Skip to comments.Physicists Finding Perfection...in Biology
Posted on 06/01/2009 8:11:20 PM PDT by GodGunsGuts
Physicists Finding Perfection...in Biology
June 1, 2009
When we think of simple, elegant, unifying principles in science, we think of physics. Its not surprising then that physicists who examine living systems are looking for principles of this kind.
And it seems they have found one. Simply stated, it is that biological processes tend to be optimal in cases where this can be tested. Lifes complexity can make it hard to pinpoint what optimal means, but sometimes physical limits provide a crisp definition. Because these limits cannot possibly be exceeded, they serve as an objective standard of perfection. Interestingly, in cases where it is clearly beneficial to edge right up to this standard, thats exactly what life seems to do.
For decades enzymologists have recognized that certain enzymes are catalytically perfectmeaning that they process reactant molecules as rapidly as these molecules can reach them by diffusion.  That hinted at a principle of physical perfection in biology, but no one anticipated its breadth until recently. According to Princeton physicist William Bialek, one of the leading proponents of the emerging principle, The idea of performance near the physical limits crosses many levels of biological organization, from single molecules to cells to perception and learning in the brain.  He observes that While it is popular to view biological mechanisms as an historical record of evolutionary and developmental compromises, these observations on functional performance point toward a very different view of life as having selected a set of near optimal mechanisms for its most crucial tasks. 
Bialek is interested in determining whether this principle will continue to hold up as more and more biophysical systems are tested against it. But its also interesting to ponder how such a principle can be explained. In particular, which origins paradigm does it best cohere withthe Darwinian one or the design one?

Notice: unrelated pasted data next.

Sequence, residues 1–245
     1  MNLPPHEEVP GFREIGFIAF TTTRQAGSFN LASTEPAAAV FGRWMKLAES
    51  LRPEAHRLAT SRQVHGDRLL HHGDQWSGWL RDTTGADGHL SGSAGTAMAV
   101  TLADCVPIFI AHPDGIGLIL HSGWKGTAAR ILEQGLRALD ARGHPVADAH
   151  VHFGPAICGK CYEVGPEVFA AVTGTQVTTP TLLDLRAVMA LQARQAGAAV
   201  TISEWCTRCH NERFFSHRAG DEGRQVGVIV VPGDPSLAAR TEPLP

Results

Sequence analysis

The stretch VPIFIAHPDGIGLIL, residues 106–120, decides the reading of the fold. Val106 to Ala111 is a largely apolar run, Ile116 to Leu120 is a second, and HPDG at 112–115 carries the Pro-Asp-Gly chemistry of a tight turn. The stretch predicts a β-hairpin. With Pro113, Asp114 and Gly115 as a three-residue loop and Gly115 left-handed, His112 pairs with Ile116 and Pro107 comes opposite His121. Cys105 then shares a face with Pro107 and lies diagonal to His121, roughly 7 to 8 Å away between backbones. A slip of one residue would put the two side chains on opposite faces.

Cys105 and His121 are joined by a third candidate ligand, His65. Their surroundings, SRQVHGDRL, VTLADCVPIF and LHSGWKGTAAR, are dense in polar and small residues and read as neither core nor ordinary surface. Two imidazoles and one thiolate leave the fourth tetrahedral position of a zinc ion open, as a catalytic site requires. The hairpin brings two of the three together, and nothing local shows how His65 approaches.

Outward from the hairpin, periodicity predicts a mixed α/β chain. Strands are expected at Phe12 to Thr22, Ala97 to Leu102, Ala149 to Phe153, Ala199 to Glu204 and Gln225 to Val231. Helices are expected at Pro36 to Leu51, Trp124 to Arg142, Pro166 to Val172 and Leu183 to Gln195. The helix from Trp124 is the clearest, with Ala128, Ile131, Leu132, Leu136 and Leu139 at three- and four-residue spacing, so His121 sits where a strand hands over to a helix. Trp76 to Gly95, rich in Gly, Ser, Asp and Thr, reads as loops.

Although the Darwinian mechanism has some capacity to optimize, perfection seems to be well beyond its reach. Its handicap lies in the kind of optimizer it isa local one, not a global one. That is, it produces not the best solution to a problem but rather the best available solutionmeaning available by chance to a species in which the problem has not yet been solved.
If its reasonable to think that a complex problem that hasnt been solved at all is not even close to having been solved well (and it seems that it is), then surely the best available solution under such dire circumstances is not apt to be a good one. Even after all the available chance improvements are exhausted, you would expect to be left with something makeshift, far from perfect.
So, while most biologists like to think that Darwinism can deliver perfection, that notion evaporates very quickly under critical scrutiny. Now that perfection is becoming a recognized principle in biology, perhaps its time for biologists to join the physicists in grappling with it.
I saw in a documentary Mike Tyson wanted to fight a gorilla.
The article used massive generalities centering briefly on enzymes as some sort of proof. The authors could as well mentioned enzyme linked immunosorbant assays (ELISA) for their point. At least, then, it would have been a process. Both enzymes and antigenic reaction require a specific site of attachment for the agent to bind and do work (work loosely defined as any function). There is no almost fit - it either binds or not. The authors premise that evolution requires random best fit is flawed. Using antigenic reactions as an easy example you will find that when presented with a foreign entity for the first time, the host does not have a specific antigenic response. Only when the host acclimates and creates new antibodies that are specific to that antigen will the host be able to recognize and eliminate the foreign body (antigen). This is the reason why we were all subjected to small pox vaccines back in the day - to develop a response.
In short, the biology staff in the article used known systemics to make broad unsupported generalities.
I don't think Barack will allow Michelle to do it.
==Both enzymes and antigenic reaction require a specific site of attachment for the agent to bind and do work (work loosely defined as any function). There is no almost fit - it either binds or not.
That’s not exactly accurate. There are a number of enzymes that can catalize multiple, slightly different chemical reactions using substrates that have the same general structure. Here is but one example:
“Both enzymes catalyze multiple steps in BR biosynthesis: 6-deoxoteasterone to teasterone, 3-dehydro-6-deoxoteasterone to 3-dehydroteasterone, 6-deoxotyphasterol to typhasterol, and 6-deoxocastasterone to castasterone. Our results indicate that the AtBR6ox gene and the tomato Dwarf gene encode steroid-6-oxidases and that these enzymes have a broad substrate specificity.”
Ooops, almost forgot the link:
Yeah but, all those websites featuring biologically perfect females are blocked at work.
Thanks for the ping!
Thanks , the post deserved a better level of commentary than it got.
Just like astro-biology.
True an enzyme can act as a catalyst in several stages of a reaction, however the binding site must and is always identicle.
Here's what Dr. Bialek actually wrote,
"Strikingly, when we do this (and there are not so many cases where it has been done!), the performance of biological systems often approaches some limits set by basic physical principles."